Cell Line Genetics will offer Ambry Genetics' StemArray stem cell quality assurance products and services to its customers in the stem cell and regenerative medicine market, the companies announced last week.
Madison, Wis.-based Cell Line Genetics provides services and products for evaluating adult and pluripotent stem cell lines for research, preclinical, and clinical studies. The company's clients include universities and research institutes, as well as biotechnology and pharmaceutical companies.
Ambry's StemArray is manufactured by Roche NimbleGen and enables researchers studying stem cells to detect genomic abnormalities that would ordinarily be missed by low-resolution karyotyping. The Aliso Viejo, Calif.-based firm launched the comparative genomic hybridization array last year (BAN 1/19/2010).
Under the new agreement, Cell Line Genetics has the exclusive right to sell StemArray products and services to its current customers as well as other companies and research institutions. The firms hope the deal will "dramatically expand the availability of the Ambry StemArray" and "hasten its adoption in the stem cell and regenerative medicine market globally."
Ardy Arianpour, vice president of business development at Ambry, told BioArray News that Ambry decided on an exclusive partnership with Cell Line Genetics because it wanted the firm to have "full control" to sell StemArray to its customer base "without worrying about us doing another deal with any other competitor. "
Arianpour said that Cell Line Genetics is the "perfect channel" for selling the chip because it has "access to thousands of customers that are doing karyotyping every day." He noted that Cell Line Genetics has a "very strong presence" in the stem cell and regenerative medicine market and Ambry believes the deal will "help accelerate sales."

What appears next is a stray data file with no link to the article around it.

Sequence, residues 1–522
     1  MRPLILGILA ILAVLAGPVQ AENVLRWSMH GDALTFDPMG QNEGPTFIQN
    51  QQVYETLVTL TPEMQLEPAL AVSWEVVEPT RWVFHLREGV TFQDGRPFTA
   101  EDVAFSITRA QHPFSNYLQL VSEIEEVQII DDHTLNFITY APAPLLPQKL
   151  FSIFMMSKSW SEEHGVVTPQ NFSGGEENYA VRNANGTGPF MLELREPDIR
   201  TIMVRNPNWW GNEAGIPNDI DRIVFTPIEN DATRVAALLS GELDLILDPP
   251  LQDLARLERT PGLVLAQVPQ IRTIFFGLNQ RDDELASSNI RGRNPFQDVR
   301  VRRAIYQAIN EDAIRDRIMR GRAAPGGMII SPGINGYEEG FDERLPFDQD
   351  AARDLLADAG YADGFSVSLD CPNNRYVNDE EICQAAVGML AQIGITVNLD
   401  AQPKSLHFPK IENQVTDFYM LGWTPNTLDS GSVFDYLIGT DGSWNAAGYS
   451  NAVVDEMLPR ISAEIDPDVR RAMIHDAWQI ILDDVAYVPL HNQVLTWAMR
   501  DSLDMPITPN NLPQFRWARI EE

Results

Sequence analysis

Arianpour noted that StemArray demand has been "very strong" since its 2010 launch, but said that the firm "wanted to push the momentum and partner with a lab that has customers specifically interested in a product like this."
Similarly, Roberto Herrera, Cell Line Genetics' chief business officer, said in a statement that the combination of the firm's "expertise" in regenerative medicine and Ambry's research and clinical genomics resources "opens up a wealth of potential opportunities in product development and services."
Both companies believe that scientists will find the StemArray useful for assessing structural variants in stem cells and improving the reliability of their experimental results.
Aaron Elliott, an R&D scientist in Ambry's genomics division, told BioArray News at the time the array was launched that human embryonic stem cells and induced pluripotent stem cells that are cultured for an extended period of time are susceptible to chromosomal instability (BAN 1/19/2010).
To date, stem cells have typically been characterized through traditional low-resolution karyotypic analyses, which can only identify large-scale aneuploidies over 5 megabases in size, Elliott said.
Agilent Technologies was the original manufacturer of StemArray, but Ambry within the last year chose to move the chip to the Roche NimbleGen platform. The reason for the switch was primarily density. While the Agilent-made version of the chip allowed customers to survey four, 44,000-probe arrays per slide, the Roche-made version enables customers access to 12, 135,000-probe arrays per slide.
Customers "now get more coverage and higher resolution for the same price," said Arianpour. StemArray is currently priced at about $600 per sample, he said.
According to Ambry, StemArray currently offers increased probe coverage in over 60 pluripotent associated genes; increased probe coverage in over 200 cancer associated genes; 15 kilobase overall median probe spacing; and approximately five probes per exon in over 270 targeted genes.
The turnaround time for the StemArray service is about two weeks.
Have topics you'd like to see covered in BioArray News? Contact the editor at jpetrone [at] genomeweb [.] com